Contributed by MERLE (BUS) CORNELIUS and produced by SUSAN STAFFORD.


by Bus Cornelius

     There comes a time in life, when you do not want to admit it, but you are getting old. Years ago I would try to visit my parents on weekends, they were about eighty years old. On my visits my mother would say "Your dad would like a hair cut" and I would say "Mom I just took him last week and it looks OK." So I would drive him to the barber shop and the barber would trim him up. Years later we placed dad in a nice senior citizens home in La Jolla, it had a nice little barber shop in it, when we would go there to visit him we would have to check the barber shop, he was getting his hair cut about twice a week. Not that he needed it but to feel cleaned up, neat, the personal service!

     Now that I am approaching eighty I can understand him it is sure nice to get your hair cut, your eyebrows trimmed which you use to do that yourself when you could see.

     How times changes a person. I can remember as a kid I hated to have my hair cut, for several reasons, one I would miss out on playing ball in the park. One time in Lane Kansas I was about ten years old. I ran into my father on main street, he gave me a quarter and told me to go inside the barber shop, which we were in front of at the time and get a hair cut. I had been on my way to the park for our ball game so I entered Dave Walters barber shop and went out the back door and on to the park to play ball. " Needless to say I learned to obey my father and not slip out that back door again ".!! I will take this space to describe the barber shop of those days of 1930. When Mr. Dave Walters would leave his home in the morning for his shop he carried a bucket of water in each hand, up on arriving at his shop he would climb a step ladder with each bucket and pour the two buckets of water into a barrel. In the rear room, supported about ceiling height so he would have running water to work with, then he would fill the coal oil stove with coal oil under the barrel and light it for hot water. Some times his sons would come and get the buckets and carry water to the barrel they would also bring his lunch, he did not close the shop. No electric shears in those days, the shears were run by hand and you have never experienced an old fashion hair cut until the barber hand shears catches on your hair and he has to take the hand scissors and cut the hair between the clippers and your head. Hair cuts 25 cents and a shave and a hair cut was 35 cents. Mr. Walters would go to work at 9:00 A.M. Keep the shop open till 6:00 P.M. close go home and reopen at 7:00 and come back to shave a couple of men. I think he charged 35 cents for those evening shaves, if you requested additional hot towels on your face that was 10 cents extra. It was interesting to see him strap a razor it was flip flop back and forth on that leather strap. More kids were educated with a razor strap than was whipped with a paddle.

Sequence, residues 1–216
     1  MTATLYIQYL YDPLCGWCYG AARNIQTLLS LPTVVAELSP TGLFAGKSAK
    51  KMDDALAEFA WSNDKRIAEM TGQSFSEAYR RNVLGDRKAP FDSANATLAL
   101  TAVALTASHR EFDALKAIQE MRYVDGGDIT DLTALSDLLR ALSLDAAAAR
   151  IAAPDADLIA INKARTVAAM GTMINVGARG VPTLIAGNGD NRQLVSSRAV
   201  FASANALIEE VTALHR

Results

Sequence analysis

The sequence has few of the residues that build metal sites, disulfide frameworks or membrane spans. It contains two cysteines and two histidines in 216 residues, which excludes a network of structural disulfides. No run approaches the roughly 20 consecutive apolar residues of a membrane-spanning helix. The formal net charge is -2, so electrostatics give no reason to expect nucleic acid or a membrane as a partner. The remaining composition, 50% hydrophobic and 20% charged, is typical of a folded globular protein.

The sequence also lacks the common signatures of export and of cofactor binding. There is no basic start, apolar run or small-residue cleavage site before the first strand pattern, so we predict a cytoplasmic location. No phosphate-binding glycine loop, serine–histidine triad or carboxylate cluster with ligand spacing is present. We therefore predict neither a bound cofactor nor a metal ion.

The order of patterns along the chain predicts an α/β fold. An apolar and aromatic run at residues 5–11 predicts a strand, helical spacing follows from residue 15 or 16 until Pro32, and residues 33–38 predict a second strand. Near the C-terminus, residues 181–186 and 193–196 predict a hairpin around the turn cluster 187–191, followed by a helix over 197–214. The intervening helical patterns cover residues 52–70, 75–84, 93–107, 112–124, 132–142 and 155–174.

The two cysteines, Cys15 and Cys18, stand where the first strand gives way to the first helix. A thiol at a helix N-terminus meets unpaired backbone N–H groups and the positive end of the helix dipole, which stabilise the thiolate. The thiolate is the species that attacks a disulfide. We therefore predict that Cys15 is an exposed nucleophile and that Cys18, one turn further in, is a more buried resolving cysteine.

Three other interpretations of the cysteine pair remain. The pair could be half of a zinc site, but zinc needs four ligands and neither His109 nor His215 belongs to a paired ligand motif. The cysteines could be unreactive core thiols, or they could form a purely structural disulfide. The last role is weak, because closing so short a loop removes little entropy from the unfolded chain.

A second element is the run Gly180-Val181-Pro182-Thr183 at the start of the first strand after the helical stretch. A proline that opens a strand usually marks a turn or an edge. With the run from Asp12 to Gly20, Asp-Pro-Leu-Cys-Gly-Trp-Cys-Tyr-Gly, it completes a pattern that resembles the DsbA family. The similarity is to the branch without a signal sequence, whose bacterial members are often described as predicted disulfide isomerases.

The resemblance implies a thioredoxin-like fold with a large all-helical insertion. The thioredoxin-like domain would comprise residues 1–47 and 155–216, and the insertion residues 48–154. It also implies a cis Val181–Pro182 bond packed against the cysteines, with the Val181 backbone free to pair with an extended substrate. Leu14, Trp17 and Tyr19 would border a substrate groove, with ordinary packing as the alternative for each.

In the corner of the barber shop Mr. Fred Walters [former telephone CO. Mgr.] ran a clock repair shop.

     Later in the 1930s a Cliff Adkinson who had a barber shop in Ottawa would return to Lane and open a second shop, I do not see how either one made a living, but of course in those days we did not require a lot.

--Bus Cornelius

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